|US5408600 *||Jul 6, 1994||Apr 18, 1995||Hewlett-Packard Company||System for dynamic sharing of local and remote displays by maintaining a list of best-match resources|
|US5577188 *||May 31, 1994||Nov 19, 1996||Future Labs, Inc.||Method to provide for virtual screen overlay|
|US5678002 *||Jul 18, 1995||Oct 14, 1997||Microsoft Corporation||System and method for providing automated customer support|
|US5694544 *||Jun 30, 1995||Dec 2, 1997||Hitachi, Ltd.||Conference support system which associates a shared object with data relating to said shared object|
|US5732219 *||Mar 17, 1995||Mar 24, 1998||Vermeer Technologies, Inc.||Computer system and computer-implemented process for remote editing of computer files|
|US5903716 *||Jun 5, 1997||May 11, 1999||Dataproducts Corporation||Virtual printer|
|US5991760 *||Jun 26, 1997||Nov 23, 1999||Digital Equipment Corporation||Method and apparatus for modifying copies of remotely stored documents using a web browser|
|US6119137 *||Jan 30, 1997||Sep 12, 2000||Tumbleweed Communications Corp.||Distributed dynamic document conversion server|
|US6130760 *||Jul 14, 1998||Oct 10, 2000||Xerox Corporation||Job information communication system for a printing system|
|US6141737 *||Nov 4, 1999||Oct 31, 2000||Citrix Systems, Inc.||Method for dynamically and efficiently caching objects received from an application server by a client computer by subdividing cache memory blocks into equally-sized sub-blocks|
|US6144991 *||Feb 19, 1998||Nov 7, 2000||Telcordia Technologies, Inc.||System and method for managing interactions between users in a browser-based telecommunications network|
|US6167432 *||Feb 29, 1996||Dec 26, 2000||Webex Communications, Inc.,||Method for creating peer-to-peer connections over an interconnected network to facilitate conferencing among users|
|US6185683 *||Dec 28, 1998||Feb 6, 2001||Intertrust Technologies Corp.||Trusted and secure techniques, systems and methods for item delivery and execution|
|US6260160 *||Jun 15, 1998||Jul 10, 2001||Siemens Information And Communication Networks, Inc.||Remote troubleshooting of a computing device|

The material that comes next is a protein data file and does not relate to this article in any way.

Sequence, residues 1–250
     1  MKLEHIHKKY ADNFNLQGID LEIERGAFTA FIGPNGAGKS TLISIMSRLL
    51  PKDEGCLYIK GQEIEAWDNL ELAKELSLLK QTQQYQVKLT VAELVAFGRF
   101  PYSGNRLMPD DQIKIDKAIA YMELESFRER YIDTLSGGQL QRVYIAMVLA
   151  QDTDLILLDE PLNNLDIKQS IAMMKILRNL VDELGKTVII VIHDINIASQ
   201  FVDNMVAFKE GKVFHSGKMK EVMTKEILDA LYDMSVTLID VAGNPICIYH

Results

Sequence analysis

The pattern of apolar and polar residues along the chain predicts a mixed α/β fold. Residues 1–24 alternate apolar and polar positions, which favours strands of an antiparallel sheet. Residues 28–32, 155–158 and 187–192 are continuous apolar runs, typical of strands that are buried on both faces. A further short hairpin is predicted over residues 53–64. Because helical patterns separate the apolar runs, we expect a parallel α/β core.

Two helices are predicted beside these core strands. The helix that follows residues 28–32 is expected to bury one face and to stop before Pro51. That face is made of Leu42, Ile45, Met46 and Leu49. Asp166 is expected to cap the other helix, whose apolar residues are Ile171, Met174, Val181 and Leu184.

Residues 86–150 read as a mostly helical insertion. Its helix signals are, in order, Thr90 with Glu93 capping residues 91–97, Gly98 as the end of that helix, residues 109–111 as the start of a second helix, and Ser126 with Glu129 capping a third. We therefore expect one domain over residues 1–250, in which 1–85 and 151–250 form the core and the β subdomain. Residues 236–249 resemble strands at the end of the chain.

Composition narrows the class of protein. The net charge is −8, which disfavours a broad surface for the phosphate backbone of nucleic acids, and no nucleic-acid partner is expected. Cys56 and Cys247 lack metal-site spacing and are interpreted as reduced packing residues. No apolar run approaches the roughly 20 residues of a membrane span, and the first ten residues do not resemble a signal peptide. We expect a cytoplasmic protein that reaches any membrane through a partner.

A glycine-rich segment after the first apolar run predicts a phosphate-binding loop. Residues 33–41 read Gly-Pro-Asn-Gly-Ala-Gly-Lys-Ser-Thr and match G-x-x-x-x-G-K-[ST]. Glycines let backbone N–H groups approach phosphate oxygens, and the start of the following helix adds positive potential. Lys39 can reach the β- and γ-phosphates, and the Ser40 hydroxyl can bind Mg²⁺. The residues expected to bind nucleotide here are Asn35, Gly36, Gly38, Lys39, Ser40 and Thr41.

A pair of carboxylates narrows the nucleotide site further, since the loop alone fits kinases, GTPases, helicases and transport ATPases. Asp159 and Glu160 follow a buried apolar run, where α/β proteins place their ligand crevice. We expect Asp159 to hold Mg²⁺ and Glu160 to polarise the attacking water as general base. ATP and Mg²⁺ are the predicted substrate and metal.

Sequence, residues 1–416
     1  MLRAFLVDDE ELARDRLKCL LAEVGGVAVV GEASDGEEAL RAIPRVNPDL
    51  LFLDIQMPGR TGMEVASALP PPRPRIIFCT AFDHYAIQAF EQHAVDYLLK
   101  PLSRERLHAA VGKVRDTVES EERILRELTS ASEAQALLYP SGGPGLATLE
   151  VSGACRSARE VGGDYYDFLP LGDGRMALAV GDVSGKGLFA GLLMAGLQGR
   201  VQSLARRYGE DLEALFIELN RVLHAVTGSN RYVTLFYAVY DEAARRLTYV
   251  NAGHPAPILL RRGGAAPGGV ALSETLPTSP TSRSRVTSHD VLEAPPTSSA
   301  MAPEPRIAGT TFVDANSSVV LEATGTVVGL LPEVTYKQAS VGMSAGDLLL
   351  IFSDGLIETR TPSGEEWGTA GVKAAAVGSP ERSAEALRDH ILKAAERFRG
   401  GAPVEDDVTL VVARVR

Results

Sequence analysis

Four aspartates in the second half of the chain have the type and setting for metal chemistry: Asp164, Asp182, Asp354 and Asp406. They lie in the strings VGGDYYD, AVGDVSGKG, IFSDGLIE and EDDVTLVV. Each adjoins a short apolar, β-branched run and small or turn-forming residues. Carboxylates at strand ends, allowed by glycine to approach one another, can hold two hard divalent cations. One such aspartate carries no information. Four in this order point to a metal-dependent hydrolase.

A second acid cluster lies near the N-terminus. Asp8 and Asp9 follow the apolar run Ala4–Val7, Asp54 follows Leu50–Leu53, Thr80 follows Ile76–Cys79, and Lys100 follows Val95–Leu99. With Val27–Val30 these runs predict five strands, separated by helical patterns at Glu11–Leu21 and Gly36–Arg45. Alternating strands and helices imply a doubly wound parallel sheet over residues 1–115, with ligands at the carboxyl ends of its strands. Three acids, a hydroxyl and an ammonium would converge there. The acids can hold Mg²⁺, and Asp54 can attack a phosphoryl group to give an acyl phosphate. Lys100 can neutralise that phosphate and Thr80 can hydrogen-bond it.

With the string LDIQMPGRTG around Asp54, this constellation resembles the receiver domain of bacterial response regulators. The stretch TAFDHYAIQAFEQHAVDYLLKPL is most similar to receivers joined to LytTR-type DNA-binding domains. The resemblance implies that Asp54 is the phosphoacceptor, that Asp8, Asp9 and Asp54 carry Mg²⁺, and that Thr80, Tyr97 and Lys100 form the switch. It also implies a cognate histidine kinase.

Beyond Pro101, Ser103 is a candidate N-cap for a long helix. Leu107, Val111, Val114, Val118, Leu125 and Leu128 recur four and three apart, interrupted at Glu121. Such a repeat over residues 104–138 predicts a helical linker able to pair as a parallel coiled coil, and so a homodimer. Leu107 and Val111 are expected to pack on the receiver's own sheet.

|US6266150 *||Aug 24, 1998||Jul 24, 2001||International Business Machines Corporation||Virtual printer|
|US6307570 *||Dec 19, 1997||Oct 23, 2001||Citrix Systems, Inc.||Virtual input device|
|US6343313 *||Mar 25, 1997||Jan 29, 2002||Pixion, Inc.||Computer conferencing system with real-time multipoint, multi-speed, multi-stream scalability|
|US6411965 *||Aug 25, 1998||Jun 25, 2002||Edisync Systems Llc||Remote multi-user editing system and method transmitting edit display information|
|US6466328 *||Jan 3, 1997||Oct 15, 2002||Ncr Corporation||System and method for remote printing in a distributed network environment|
|US6538667 *||Jul 23, 1999||Mar 25, 2003||Citrix Systems, Inc.||System and method for providing immediate visual response to user input at a client system connected to a computer system by a high-latency connection|
|US6598087 *||Sep 8, 1999||Jul 22, 2003||Ge Capital Commercial Finance, Inc.||Methods and apparatus for network-enabled virtual printing|
|US6601087 *||Nov 17, 1999||Jul 29, 2003||Webex Communications, Inc.||Instant document sharing|
|US6608636 *||May 13, 1992||Aug 19, 2003||Ncr Corporation||Server based virtual conferencing|
|US6629129||Jun 16, 1999||Sep 30, 2003||Microsoft Corporation||Shared virtual meeting services among computer applications|
|US6654032 *||Dec 23, 1999||Nov 25, 2003||Webex Communications, Inc.||Instant sharing of documents on a remote server|
|US6691154 *||Feb 29, 2000||Feb 10, 2004||Webex Communications, Inc.||Instantaneous remote control of an unattended server|
|US6704117 *||Nov 25, 1997||Mar 9, 2004||International Business Machines Corporation||System and method for server virtual printer device name negotiation for mobile print support|
|US6710790 *||Aug 13, 1998||Mar 23, 2004||Symantec Corporation||Methods and apparatus for tracking the active window of a host computer in a remote computer display window|
|US6725238 *||Jan 6, 2000||Apr 20, 2004||International Business Machines Corporation||Method, system, and program for using a remotely accessed desktop interface and network drive to access a shared file system|
|US6763501 *||Jun 9, 2000||Jul 13, 2004||Webex Communications, Inc.||Remote document serving|
|US6785894 *||Apr 9, 1999||Aug 31, 2004||Sun Microsystems, Inc.||Virtual device driver|
|US6938042 *||Oct 8, 2002||Aug 30, 2005||Laplink Software Inc.||Peer-to-peer file sharing|
|US7043697 *||May 15, 2000||May 9, 2006||Intel Corporation||Virtual display driver|
|US20020120792 *||Sep 13, 2001||Aug 29, 2002||Free Markets, Inc.||Method and system for processing files using a printer driver|
|US20030184800 *||Mar 26, 2003||Oct 2, 2003||Brother Kogyo Kabushiki Kaisha||Printing system, printing apparatus print data transmitting device, and program|
|Citing Patent||Filing date||Publication date||Applicant||Title|
|US20080172136 *||Jan 8, 2008||Jul 17, 2008||Yokogawa Electric Corporation||Operation monitor|
|U.S. Classification||715/753, 709/204, 707/999.201|
|International Classification||G06F17/30, G06F17/00|
|Cooperative Classification||G06F17/30011, Y10S707/99952|
|Oct 7, 2011||AS||Assignment|
Owner name: CISCO TECHNOLOGY, INC., CALIFORNIA
Free format text: ASSIGNMENT OF ASSIGNORS INTEREST;ASSIGNOR:CISCO WEBEX LLC;REEL/FRAME:027033/0764
Effective date: 20111006
Owner name: CISCO WEBEX LLC, DELAWARE
Free format text: CHANGE OF NAME;ASSIGNOR:WEBEX COMMUNICATIONS, INC.;REEL/FRAME:027033/0756
Effective date: 20091005
|Feb 11, 2013||FPAY||Fee payment|
Year of fee payment: 4
|Feb 13, 2017||FPAY||Fee payment|
Year of fee payment: 8